Today, Senator Mike Braun spoke on the Senate floor to voice his support for a Convention of the States to amend the Constitution, and introduced an amendment to a spending bill that would make it easier for the American people to call a Convention of the States as outlined in Article V of the Constitution.
In his speech, Senator Braun criticized Congress’s failure to pass a budget, relying instead on “continuing resolutions” which kick the can down the road for months at a time.
Senator Braun also took the Senate to task for spending with yearly $1 trillion deficits, contributing to the $30 trillion of national debt, $45 trillion in debt we’re heading to based on President Biden’s spending blueprint, and the inflation crisis hurting every American family.
Senator Braun called for a Convention of the States to be held to amend the U.S. Constitution with constitutional amendments that would add term limits to the House and Senate and require a balanced federal budget.
Braun introduced an amendment to the CR that would specifically direct the Archivist of the United States to publicly publish applications from States for a Convention, and to notify Congress when the Constitutional threshold (two-thirds, or 34 states) has been met. This Constitutional threshold for a Convention has been met twice before, most recently in 2021, but Congress failed to call a Convention. Senator Braun’s amendment would add some structure to the process, make the State petition count transparent, and help hold Congress accountable to public desire for a Convention.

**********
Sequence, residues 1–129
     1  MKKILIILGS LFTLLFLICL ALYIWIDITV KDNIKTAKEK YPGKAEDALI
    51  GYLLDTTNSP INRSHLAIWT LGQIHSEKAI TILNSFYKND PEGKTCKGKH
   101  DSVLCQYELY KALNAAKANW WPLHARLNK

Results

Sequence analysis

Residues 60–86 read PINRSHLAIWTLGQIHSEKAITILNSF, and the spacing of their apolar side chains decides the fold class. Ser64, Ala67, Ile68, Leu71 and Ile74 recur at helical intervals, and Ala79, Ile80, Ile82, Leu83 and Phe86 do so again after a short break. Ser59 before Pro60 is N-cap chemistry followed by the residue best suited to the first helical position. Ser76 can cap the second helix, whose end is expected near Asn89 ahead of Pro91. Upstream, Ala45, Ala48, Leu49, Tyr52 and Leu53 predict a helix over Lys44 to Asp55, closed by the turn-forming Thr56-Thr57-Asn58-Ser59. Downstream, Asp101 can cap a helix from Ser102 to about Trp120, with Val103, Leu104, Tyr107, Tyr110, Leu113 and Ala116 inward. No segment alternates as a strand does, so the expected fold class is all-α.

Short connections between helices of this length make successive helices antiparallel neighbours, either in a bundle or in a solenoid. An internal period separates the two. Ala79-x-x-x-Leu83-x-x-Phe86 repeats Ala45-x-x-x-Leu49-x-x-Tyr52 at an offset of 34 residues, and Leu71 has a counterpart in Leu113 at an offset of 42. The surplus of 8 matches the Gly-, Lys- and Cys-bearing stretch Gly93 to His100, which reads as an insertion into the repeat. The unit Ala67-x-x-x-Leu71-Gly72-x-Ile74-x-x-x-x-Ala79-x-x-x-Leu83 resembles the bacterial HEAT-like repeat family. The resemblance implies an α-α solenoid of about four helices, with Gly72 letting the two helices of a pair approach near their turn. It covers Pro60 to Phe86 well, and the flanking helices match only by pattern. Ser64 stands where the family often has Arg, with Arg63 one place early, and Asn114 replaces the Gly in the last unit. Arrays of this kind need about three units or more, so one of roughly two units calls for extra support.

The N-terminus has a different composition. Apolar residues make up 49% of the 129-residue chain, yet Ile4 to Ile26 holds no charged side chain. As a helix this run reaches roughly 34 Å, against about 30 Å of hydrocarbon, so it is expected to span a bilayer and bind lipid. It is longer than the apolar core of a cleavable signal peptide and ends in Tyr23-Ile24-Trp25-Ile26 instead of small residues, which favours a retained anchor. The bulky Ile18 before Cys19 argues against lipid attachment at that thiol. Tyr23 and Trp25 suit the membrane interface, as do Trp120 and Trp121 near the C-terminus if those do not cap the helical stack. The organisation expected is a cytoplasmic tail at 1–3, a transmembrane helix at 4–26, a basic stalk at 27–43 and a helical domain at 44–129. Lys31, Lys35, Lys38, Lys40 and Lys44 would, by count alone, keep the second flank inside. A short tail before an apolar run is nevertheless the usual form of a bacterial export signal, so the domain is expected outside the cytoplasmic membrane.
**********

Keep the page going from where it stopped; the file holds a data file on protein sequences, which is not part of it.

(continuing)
Article V of the Constitution lays out the two processes for amending the Constitution: through Congress, or through a Convention of States where amendments would need to be ratified by three-quarters of all states. Americans overwhelmingly support term limits for Congress regardless of party affiliation.
Trafalgar Polling Group conducted a poll on a Convention of the States in July: 81% of Republicans, 50% of Democrats, and 63% of Independents said they wanted a Convention of states to address term limits for Congress, federal spending restraints, and limiting the federal government to its constitutionally-mandated authority.
Senator Mike Braun on his amendment and the need for Constitutional amendments for term limits and a balanced budget:
My home state of Indiana is America’s heartland. I have traveled to every county in my state for nearly four years now.
This year I visited farms and small businesses and talked to people fighting every day just to make ends meet.
The American people are strong and resilient, but they are represented by a government that is not necessarily the same.
The U.S. Congress is broken – in my opinion – beyond belief.
When the American people look to their capital, they see a twisted knot of lobbyists, corporate interests, and a mountain of debt that just gets higher and higher.
We now spend over $1 trillion more than we bring in every year. We’re on the path to being $45 trillion in debt, according to our own President’s blueprint.
We’re twiddling our thumbs while our kids’ and grandkids’ future goes up in smoke. Every American family is paying for D.C.’s failures.
Congress as a whole, and this body in particular, seem to have no interest in turning the ship away from the rocks.
In the past year I’ve given this body four chances to take real action to fix this mess.